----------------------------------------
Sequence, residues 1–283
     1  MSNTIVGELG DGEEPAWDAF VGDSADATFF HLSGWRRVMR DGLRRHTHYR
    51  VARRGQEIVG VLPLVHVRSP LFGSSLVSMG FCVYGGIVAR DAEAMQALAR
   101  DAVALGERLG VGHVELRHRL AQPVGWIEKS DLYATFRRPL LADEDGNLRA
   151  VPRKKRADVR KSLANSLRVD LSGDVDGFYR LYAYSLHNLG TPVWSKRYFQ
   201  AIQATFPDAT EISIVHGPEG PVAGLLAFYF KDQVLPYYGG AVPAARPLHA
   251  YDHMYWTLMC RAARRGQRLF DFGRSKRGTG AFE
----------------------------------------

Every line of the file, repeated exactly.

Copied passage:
Sequence, residues 1–283
     1  MSNTIVGELG DGEEPAWDAF VGDSADATFF HLSGWRRVMR DGLRRHTHYR
    51  VARRGQEIVG VLPLVHVRSP LFGSSLVSMG FCVYGGIVAR DAEAMQALAR
   101  DAVALGERLG VGHVELRHRL AQPVGWIEKS DLYATFRRPL LADEDGNLRA
   151  VPRKKRADVR KSLANSLRVD LSGDVDGFYR LYAYSLHNLG TPVWSKRYFQ
   201  AIQATFPDAT EISIVHGPEG PVAGLLAFYF KDQVLPYYGG AVPAARPLHA
   251  YDHMYWTLMC RAARRGQRLF DFGRSKRGTG AFE